Equinix, the operator of 100 data center/telecom hubs, wants to make going to the cloud a pattern for many enterprise communications.
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Equinix is launching what it calls the Interconnection Oriented Architecture in order to provide Equinix data center communication hubs that serve as an interconnect between the enterprise network and the cloud, multiple data sources, and anywhere else an enterprise user wishes to go.
Enterprises that want to make services readily available to customers, access outside sources of information, or merely use Oracle SaaS applications need to rethink how they build their network connections. Network administrators are used to building out one connection at a time, sometimes relying on the corporate WAN, sometimes on the Internet, sometimes on a specialized private line connection to a key data source or other partner company.
Connections to Amazon Web Services or other cloud providers are often done over the Internet, with the Internet routing system determining the best route and how many hops a workload will need to make. That's not such good thinking any more, claims Tony Bishop, VP of vertical strategy at Equinix.
"You have to think interconnection first," he said in an interview. While it's possible to obtain customers anywhere and get to a cloud computing supplier from anywhere, "you still have to bring the physical world together," he said.
When you do, you can shorten the distance to customers, speed up response times, and even move your key e-commerce application closer to its users. Not incidentally, you also make use of an Equinix data center when you do so with Interconnection Oriented Architecture, but Bishop tried to illustrate what benefits he was talking about.
Equinix's data center hubs have already been recognized as key pivot points for workloads on their way to the cloud. Equinix is a primary supplier of AWS's Direct Connect high-speed, private-line service, as well as Microsoft Azure's ExpressRoute and IBM SoftLayer's Direct Link. It has assembled a service for customers called Cloud Exchange in which a customer can establish one network link to the Equinix hub, then be switched from that port to a cloud of choice.
The Interconnection Oriented Architecture follows the same idea, but the destination can be any target that the enterprise needs to connect with, Bishop said. Each hub typically has 40-60 telecom carriers meeting in the facility, sometimes more. The exact list varies from location to location; Equinix now operates a total of 100 data center/telecom hubs around the world.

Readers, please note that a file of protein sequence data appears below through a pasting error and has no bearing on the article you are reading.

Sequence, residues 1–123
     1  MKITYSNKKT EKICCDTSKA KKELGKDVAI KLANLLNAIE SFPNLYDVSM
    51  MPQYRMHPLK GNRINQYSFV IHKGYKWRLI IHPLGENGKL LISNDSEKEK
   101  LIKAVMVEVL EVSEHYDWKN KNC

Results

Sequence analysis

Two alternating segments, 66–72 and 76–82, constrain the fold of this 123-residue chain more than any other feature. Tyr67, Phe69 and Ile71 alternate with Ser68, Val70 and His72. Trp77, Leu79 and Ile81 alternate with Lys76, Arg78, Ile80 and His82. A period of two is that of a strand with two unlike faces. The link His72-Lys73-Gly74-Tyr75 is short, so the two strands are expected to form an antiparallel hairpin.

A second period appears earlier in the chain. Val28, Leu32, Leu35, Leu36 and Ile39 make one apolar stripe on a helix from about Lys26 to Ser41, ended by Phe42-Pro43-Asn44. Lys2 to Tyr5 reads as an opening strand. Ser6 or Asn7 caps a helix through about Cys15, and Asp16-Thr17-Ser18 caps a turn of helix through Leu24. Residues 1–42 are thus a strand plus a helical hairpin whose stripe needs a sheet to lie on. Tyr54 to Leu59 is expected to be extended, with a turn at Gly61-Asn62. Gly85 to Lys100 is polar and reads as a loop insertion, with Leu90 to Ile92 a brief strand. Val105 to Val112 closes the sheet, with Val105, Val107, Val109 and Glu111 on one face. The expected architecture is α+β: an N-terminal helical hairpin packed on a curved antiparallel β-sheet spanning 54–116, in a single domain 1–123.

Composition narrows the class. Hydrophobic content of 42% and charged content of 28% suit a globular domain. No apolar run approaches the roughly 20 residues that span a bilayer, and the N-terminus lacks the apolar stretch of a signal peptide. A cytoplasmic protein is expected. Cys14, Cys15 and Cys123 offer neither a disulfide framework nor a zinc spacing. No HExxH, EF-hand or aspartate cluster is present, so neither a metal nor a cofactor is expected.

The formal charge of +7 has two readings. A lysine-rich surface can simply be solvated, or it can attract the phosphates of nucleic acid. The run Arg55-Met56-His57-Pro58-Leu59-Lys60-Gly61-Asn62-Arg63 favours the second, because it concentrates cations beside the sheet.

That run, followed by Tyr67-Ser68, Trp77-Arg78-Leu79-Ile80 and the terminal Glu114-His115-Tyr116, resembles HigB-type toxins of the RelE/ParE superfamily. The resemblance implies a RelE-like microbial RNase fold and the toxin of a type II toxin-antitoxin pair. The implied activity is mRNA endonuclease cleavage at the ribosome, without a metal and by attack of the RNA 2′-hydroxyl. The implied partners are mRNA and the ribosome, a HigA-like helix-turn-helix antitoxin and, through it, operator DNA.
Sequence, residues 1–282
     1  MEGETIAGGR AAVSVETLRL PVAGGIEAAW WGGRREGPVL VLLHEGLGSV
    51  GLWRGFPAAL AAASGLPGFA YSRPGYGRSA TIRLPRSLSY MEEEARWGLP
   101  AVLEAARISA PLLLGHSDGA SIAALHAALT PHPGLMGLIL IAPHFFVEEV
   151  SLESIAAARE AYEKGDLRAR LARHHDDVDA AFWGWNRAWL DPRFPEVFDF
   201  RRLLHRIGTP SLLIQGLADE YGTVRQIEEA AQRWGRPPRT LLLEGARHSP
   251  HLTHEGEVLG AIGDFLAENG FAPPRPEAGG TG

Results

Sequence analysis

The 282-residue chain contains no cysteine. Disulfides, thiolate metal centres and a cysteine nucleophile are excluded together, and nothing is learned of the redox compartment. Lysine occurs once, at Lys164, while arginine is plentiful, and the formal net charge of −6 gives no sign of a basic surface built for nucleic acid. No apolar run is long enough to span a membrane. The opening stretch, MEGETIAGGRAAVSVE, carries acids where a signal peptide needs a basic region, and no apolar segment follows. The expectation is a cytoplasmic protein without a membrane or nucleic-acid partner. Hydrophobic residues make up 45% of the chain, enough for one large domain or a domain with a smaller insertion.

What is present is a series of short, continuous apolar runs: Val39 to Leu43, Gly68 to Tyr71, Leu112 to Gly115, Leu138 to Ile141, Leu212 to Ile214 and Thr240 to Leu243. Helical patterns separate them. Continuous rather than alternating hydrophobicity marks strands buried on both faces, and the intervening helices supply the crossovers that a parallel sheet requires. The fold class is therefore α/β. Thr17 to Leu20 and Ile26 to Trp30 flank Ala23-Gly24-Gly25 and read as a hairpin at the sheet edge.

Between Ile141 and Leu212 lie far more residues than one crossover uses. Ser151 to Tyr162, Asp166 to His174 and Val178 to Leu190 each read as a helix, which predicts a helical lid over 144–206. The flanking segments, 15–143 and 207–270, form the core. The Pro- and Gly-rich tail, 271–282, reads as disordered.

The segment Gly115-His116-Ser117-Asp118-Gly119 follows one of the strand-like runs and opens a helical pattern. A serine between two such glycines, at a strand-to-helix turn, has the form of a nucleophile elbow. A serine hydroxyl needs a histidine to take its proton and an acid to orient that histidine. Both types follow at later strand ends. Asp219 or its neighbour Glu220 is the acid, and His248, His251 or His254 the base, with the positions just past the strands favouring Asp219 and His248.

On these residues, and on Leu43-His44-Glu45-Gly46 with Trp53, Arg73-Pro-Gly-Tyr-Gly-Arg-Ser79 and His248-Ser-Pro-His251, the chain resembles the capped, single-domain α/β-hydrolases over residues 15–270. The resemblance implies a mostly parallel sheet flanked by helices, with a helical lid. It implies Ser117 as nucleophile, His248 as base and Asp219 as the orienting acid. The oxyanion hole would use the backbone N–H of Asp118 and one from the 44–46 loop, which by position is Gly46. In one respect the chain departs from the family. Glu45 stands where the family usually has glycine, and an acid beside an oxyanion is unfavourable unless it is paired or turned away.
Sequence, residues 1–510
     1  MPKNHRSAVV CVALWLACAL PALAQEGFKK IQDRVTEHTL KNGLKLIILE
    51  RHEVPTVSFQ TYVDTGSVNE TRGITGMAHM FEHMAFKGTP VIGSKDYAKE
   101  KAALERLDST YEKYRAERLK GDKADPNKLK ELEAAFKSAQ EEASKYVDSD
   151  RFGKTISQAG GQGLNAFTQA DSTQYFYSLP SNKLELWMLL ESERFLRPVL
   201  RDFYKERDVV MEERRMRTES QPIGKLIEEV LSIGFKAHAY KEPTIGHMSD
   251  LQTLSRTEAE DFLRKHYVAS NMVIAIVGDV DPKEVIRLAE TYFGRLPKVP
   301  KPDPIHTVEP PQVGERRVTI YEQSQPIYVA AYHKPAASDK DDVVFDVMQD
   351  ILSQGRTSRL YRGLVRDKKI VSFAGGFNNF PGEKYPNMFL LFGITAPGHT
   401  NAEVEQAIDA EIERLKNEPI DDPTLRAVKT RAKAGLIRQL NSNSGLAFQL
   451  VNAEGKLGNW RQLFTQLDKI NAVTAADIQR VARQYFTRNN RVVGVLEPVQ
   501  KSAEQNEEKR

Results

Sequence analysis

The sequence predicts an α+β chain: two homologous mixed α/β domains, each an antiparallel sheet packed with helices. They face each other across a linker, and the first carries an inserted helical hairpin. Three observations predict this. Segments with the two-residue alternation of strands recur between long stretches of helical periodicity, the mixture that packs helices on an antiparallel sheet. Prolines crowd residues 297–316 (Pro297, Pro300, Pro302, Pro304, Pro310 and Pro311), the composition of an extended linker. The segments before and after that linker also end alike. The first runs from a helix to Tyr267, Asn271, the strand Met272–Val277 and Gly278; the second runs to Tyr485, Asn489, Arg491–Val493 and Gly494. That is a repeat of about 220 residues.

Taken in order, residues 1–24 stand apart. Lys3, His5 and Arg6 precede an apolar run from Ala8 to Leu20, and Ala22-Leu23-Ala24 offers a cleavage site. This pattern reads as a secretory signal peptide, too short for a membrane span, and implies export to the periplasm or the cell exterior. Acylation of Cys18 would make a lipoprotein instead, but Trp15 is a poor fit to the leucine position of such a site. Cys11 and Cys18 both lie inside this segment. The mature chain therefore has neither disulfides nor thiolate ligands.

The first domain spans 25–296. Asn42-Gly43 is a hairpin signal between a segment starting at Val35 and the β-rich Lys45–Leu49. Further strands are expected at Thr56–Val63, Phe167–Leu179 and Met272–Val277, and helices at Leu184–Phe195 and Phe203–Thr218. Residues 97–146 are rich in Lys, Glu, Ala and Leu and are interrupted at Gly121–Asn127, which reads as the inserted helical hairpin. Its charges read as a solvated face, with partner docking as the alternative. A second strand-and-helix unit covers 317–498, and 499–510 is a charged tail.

Many companies run software-as-a-service (SaaS) for customers in their own data centers. They would cut many thousandths of a second off response times if they hosted the application on the Equinix servers that were already closest to large concentrations of customers.
Even the performance of direct, private-line connections between partner companies can be improved, depending on how they were originally implemented. Such a connection through an Equinix center might offer a choice of direct connections to the partner, as opposed to the company's pre-selected, preferred network carriers, he said.
Equinix is offering blueprints that codify what "interconnection first" means, as well as playbooks that illustrate how it can be implemented at Equinix.com/IOA, effective Monday, December 14.
As enterprises make greater use of the cloud, they will rethink the best architecture for connecting to outside applications, data sources, and partners, as well as infrastructure-as-a-service, Bishop predicted. Equinix, with its roots in networked data centers in major cities, wants to be a position to further that re-architecting of the corporate net.
Forester Research has taken a look at Equinix’s claims of reduced latency, increased security, and predictable performance for its interconnection-first strategy. Forrester's conclusions are in a 23-page "total economic impact" report. (Registration required.) Among other things, Forrester said there is a predictable return on investment in 4.5 months and a 45% reduction in application or network latencies through the interconnection approach. Readers may decide for themselves whether the details on which those conclusions were reached fit their own experience.
Microsoft's Office 365 SaaS application and Oracle SaaS applications will be among those that will take advantage of placing the SaaS host closer to customers, Bishop said.
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Charles Babcock is an editor-at-large for InformationWeek and author of Management Strategies for the Cloud Revolution, a McGraw-Hill book. He is the former editor-in-chief of Digital News, former software editor of Computerworld and former technology editor of Interactive ... View Full Bio
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